# Definition:Greatest Common Divisor/Integers/General Definition

## Contents

## Definition

Let $S = \set {a_1, a_2, \ldots, a_n} \subseteq \Z$ such that $\exists x \in S: x \ne 0$ (that is, at least one element of $S$ is non-zero).

Then:

- $\gcd \paren S = \gcd \set {a_1, a_2, \ldots, a_n}$

is defined as the largest $d \in \Z_{>0}$ such that $\forall x \in S: d \divides x$.

## Also known as

The **greatest common divisor** is also known as the **highest common factor** (abbreviated **HCF** or **hcf**) and written $\operatorname {hcf} \set {a, b}$ or $\operatorname {hcf} \tuple {a, b}$.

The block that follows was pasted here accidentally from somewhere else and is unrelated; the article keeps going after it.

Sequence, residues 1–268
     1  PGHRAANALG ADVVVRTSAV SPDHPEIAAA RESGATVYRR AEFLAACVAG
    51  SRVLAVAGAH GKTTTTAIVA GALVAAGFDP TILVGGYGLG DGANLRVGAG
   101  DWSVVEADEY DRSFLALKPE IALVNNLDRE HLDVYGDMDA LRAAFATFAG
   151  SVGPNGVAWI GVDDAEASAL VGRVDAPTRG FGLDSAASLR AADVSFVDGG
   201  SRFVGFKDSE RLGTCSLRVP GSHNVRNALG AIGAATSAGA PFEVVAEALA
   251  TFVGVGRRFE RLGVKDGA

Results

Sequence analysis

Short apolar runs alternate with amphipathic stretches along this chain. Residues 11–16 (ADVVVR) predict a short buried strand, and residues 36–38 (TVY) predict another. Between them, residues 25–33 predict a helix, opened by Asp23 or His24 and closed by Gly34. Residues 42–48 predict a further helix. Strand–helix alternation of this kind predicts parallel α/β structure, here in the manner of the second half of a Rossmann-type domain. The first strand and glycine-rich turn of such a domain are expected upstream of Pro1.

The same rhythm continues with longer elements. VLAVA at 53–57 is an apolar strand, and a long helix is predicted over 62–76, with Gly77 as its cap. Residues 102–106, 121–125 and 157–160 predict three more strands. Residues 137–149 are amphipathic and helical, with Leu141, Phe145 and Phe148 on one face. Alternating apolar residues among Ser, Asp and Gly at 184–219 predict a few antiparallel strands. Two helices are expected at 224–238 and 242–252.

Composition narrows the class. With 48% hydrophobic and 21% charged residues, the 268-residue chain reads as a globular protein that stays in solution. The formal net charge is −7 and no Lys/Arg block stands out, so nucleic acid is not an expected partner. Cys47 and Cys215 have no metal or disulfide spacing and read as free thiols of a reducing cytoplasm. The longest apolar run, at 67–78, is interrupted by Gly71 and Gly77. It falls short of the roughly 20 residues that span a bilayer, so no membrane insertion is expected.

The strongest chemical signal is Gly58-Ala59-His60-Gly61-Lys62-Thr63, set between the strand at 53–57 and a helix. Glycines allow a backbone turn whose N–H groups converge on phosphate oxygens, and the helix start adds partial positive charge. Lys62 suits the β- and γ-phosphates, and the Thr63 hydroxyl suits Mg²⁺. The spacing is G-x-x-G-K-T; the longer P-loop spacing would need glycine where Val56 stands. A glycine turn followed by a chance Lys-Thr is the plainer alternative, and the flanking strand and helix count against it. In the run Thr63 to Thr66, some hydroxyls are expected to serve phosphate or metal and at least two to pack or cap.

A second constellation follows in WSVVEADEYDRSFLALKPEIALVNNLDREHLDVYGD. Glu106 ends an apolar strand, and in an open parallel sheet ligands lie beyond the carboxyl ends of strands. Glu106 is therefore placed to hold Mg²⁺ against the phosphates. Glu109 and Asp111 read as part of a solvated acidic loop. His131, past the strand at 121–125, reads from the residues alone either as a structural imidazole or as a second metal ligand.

Alternatively, $\gcd \set {a, b}$ is written in some texts as $\tuple {a, b}$, but this notation can cause confusion with ordered pairs.

The notation $\gcd \tuple {a, b}$ is also seen, but the set notation, although a little more cumbersome, can be argued to be preferable.

The archaic term **greatest common measure** can also be found, mainly in such as Euclid's *The Elements*.

## Also see

- Greatest Common Divisor is Associative for a justification of this construction.

## Sources

- 1971: George E. Andrews:
*Number Theory*... (previous) ... (next): $\S 2.4$: Exercise $10$ - 1971: Allan Clark:
*Elements of Abstract Algebra*... (previous) ... (next): Chapter $1$: Properties of the Natural Numbers: $\S 23 \theta$ - 1978: Thomas A. Whitelaw:
*An Introduction to Abstract Algebra*... (previous) ... (next): $\S 12$: Highest common factors and Euclid's algorithm